istory is littered with failed libertarian utopias, but PayPal cofounder and billionaire venture capitalist Peter Thiel believes an artificial floating nation-state 200 miles off the coast of San Francisco could change that, according to a profile in Details magazine. And Thiel is putting his money where his mouth is, giving $1.25 million so far the Seasteading Institute, an organization dedicated to launching small countries on oil-rig–type platforms in international waters. Here, a guide to the "vivid, wild-eyed dream" of a Libertarian Island:
Why build a new island nation?
"There is no such thing as unclaimed land," says the Seasteading Institute, so starting from scratch in international waters "is the only option to create new societies on Earth." Essentially, explains Detail's Jonathan Miles, the autonomous island would be "a kind of floating petri dish for implementing policies that libertarians, stymied by indifference at the voting booths, have been unable to advance: No welfare, looser building codes, no minimum wage, and few restrictions on weapons."
How would Libertarian Island work?
At first, the new city state would be built on mobile, diesel-powered floating platforms that house up to 270 residents, but Seasteading chief Petri Friedman hopes to have tens of millions of residents living on hundreds of banded-together platforms by 2050. Within a few decades, the goal is to establish United Nations–recognized sovereign nations that get their food and energy from trading with other countries.
Is this a serious proposal?
Yes. Friedman plans to start next year by launching a flotilla of offices off San Francisco's coast, with full-time floating settlements in seven years. Friedman and Thiel expect the "entrepreneurial zeal" of seasteading to prevail where other libertarian utopias have failed. Many people scoff at the idea, but "that's a good thing," Thiel said at a 2009 Seasteading Institute Conference. "Since they don't think it's possible they won't take us very seriously. And they will not actually try to stop us until it's too late."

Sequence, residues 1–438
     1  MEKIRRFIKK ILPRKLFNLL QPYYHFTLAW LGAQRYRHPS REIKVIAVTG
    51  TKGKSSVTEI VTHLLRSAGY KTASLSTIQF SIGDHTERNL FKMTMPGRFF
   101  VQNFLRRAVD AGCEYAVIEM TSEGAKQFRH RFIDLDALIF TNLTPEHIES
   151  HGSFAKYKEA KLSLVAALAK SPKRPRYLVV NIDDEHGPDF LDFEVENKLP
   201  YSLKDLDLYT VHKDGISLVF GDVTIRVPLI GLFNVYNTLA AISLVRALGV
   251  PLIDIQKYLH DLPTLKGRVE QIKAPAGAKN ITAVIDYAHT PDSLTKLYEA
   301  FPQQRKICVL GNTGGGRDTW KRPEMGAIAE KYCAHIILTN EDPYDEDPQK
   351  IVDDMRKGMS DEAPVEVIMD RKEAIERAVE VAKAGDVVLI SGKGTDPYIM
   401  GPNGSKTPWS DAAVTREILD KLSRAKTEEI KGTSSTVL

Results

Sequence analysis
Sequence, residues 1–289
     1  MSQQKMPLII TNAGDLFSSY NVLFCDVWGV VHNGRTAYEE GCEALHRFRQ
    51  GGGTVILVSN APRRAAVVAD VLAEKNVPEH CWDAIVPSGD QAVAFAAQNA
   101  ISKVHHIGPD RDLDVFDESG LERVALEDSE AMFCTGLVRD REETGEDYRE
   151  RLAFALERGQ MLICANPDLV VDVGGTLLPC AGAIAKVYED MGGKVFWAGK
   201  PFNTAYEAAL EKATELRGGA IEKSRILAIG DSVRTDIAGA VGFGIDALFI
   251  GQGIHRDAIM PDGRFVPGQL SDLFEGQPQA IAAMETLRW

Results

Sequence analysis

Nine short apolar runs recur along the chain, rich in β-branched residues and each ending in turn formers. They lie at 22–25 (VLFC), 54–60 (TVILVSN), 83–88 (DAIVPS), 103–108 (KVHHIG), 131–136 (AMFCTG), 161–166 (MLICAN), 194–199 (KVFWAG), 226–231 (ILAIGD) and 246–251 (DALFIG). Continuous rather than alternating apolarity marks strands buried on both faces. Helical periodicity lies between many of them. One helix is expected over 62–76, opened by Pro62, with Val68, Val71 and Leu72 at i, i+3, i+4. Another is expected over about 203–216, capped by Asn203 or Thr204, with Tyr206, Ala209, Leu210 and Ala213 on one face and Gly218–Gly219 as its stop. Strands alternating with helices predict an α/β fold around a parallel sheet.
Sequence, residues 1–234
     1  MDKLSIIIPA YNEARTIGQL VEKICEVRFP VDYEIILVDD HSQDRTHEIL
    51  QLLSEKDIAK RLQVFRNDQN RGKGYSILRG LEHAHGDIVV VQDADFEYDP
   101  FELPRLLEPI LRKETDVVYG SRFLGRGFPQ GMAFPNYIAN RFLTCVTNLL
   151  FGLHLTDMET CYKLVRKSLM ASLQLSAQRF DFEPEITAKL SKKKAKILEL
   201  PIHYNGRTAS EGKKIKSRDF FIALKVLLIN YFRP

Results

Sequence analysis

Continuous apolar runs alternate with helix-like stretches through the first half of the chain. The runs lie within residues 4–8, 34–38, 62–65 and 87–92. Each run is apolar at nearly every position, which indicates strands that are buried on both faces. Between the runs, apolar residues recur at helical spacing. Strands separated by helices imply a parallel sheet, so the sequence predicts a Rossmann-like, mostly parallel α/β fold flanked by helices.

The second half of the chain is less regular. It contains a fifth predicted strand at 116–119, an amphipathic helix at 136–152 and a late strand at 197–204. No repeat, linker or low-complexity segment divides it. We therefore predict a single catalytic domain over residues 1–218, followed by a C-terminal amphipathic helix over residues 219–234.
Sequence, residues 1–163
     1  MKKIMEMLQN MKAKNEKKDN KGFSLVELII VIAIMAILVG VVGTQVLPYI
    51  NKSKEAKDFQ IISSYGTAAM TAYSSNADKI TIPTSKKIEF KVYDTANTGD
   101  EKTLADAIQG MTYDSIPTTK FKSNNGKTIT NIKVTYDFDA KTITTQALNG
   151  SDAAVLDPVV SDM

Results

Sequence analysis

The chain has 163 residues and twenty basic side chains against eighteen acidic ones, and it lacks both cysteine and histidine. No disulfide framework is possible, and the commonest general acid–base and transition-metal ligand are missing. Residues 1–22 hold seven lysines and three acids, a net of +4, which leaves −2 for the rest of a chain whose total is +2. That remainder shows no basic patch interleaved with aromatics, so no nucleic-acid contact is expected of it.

What could go wrong?
Let's see, says John Cole in Balloon Juice. Floating cities, constructed under super-loose building standards, in the middle of the ocean? The rest of us will pay a fortune in rescue costs. And these isolated communities will be "populated by people desperate enough to work for less than minimum wage with easy access to weapons of all sorts," says Allahpundit in Hot Air. This could be "the start of a magical utopia where government is small, freedom is plentiful, and the only limit to the pursuit of happiness is your ability to swim. Or, it could be Lord of the Flies." Oh please, put "cameras everywhere!" says Ann Althouse in her blog. "We want to watch your reality show."
What do other libertarians think?
"Jaded curmudgeons such as myself have witnessed numerous of these projects," says Lew Rockwell in his blog. Thiel is welcome to spend whatever he wants on his vision, but "the real battle for the future of liberty and the survival of the values of Western civilization is right here in our own backyard," not in some offshore utopia. "I think this is a great idea," says Dan Mitchell in International Liberty. But you won't automatically "escape the IRS by moving your money to these fiscal havens." And finding "libertarian nirvana" off chilly San Francisco? "I vote for the Caribbean."
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